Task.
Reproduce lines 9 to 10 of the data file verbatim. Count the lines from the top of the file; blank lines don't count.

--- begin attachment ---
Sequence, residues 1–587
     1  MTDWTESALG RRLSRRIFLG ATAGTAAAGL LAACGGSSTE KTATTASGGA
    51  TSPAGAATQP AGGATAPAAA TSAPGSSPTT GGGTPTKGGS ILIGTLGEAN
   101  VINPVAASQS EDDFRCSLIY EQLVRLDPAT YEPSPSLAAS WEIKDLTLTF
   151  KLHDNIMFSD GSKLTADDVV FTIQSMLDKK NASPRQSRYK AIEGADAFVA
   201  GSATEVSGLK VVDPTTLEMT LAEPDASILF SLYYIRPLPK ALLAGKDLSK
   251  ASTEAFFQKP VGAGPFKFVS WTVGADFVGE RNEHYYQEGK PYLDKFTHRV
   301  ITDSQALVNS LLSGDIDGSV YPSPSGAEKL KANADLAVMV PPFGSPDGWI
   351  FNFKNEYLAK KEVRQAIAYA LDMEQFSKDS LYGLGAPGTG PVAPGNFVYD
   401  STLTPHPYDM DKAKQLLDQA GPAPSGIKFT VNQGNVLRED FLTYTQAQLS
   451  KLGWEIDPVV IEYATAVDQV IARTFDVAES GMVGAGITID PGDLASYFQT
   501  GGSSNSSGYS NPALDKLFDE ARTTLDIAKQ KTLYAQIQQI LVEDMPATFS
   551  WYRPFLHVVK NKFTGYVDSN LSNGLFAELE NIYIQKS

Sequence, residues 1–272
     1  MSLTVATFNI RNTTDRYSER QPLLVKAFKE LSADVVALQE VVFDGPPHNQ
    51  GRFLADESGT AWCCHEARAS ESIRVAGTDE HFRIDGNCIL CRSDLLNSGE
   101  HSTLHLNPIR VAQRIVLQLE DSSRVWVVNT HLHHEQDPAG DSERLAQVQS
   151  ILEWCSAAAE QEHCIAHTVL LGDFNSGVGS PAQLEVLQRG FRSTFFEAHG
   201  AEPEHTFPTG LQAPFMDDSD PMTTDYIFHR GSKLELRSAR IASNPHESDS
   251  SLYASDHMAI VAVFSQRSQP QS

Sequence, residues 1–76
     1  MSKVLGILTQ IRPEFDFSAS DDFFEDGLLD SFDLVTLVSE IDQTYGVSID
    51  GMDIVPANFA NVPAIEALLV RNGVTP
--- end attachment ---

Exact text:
   351  FNFKNEYLAK KEVRQAIAYA LDMEQFSKDS LYGLGAPGTG PVAPGNFVYD
   401  STLTPHPYDM DKAKQLLDQA GPAPSGIKFT VNQGNVLRED FLTYTQAQLS